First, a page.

Featured Research

from universities, journals, and other organizations

Blood test identifies people at risk for heart attack that other tests miss

Date:
April 20, 2010
Source:
Oregon Health & Science University
Summary:
A simple blood test can identify people who are at risk for a heart attack, including thousands who don't have high cholesterol. The new test measures gamma-prime fibrinogen, a component of the blood's clotting mechanism. Elevated levels indicate greater likelihood of a heart attack, even when other signs don't point to cardiovascular trouble, say researchers.

A simple blood test can identify people who are at risk for a heart attack, including thousands who don't have high cholesterol, according to researchers at Oregon Health & Science University.

The new test measures gamma-prime fibrinogen, a component of the blood's clotting mechanism. Elevated levels indicate greater likelihood of a heart attack, even when other signs don't point to cardiovascular trouble, says David H. Farrell, Ph.D., professor of pathology in the OHSU School of Medicine and a member of OHSU's Heart Research Center. The results were recently published in Clinical Chemistry.

"Half a million people suffer fatal heart attacks each year," Farrell says. "About 250,000 of the patients who die have normal cholesterol and some of the patients with normal cholesterol also have elevated levels of gamma-prime fibrinogen. We think this is another risk factor that we should test for."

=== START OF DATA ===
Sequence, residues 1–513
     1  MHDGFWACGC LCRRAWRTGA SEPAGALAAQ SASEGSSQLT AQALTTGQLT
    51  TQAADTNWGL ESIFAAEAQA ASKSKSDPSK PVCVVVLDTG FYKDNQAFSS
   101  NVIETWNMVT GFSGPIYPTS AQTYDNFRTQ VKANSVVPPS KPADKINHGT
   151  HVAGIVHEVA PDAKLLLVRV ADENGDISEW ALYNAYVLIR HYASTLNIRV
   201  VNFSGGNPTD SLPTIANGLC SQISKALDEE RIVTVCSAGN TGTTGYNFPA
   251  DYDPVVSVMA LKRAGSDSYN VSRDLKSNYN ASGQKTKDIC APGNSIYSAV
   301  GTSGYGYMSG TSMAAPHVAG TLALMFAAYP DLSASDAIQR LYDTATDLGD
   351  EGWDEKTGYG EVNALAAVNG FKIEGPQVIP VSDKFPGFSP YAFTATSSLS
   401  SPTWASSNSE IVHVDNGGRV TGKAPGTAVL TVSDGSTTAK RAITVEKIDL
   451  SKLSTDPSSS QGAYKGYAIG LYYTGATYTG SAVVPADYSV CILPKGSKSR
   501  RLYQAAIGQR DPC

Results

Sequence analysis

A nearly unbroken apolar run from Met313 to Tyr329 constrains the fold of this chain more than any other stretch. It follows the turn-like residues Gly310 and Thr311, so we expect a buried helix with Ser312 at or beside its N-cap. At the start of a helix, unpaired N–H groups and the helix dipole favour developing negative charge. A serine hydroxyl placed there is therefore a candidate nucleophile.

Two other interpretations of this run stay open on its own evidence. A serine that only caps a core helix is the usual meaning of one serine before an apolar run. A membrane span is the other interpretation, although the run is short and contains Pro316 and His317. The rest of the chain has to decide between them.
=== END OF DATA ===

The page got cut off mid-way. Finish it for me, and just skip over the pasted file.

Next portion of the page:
Farrell and his team confirmed the effectiveness of the gamma-prime fibrinogen test by analyzing 3,400 blood samples from the landmark Framingham Heart Study, the oldest and most prestigious cardiovascular disease study in the world. In addition, OHSU's analysis of the Framingham samples found that patients with well-established heart attack risk factors, including cholesterol, high body mass index, smoking and diabetes also have elevated gamma-prime fibrinogen levels.

"We found that if your gamma-prime fibrinogen levels were in the top 25 percent, you had seven times greater odds of having coronary artery disease," Farrell says.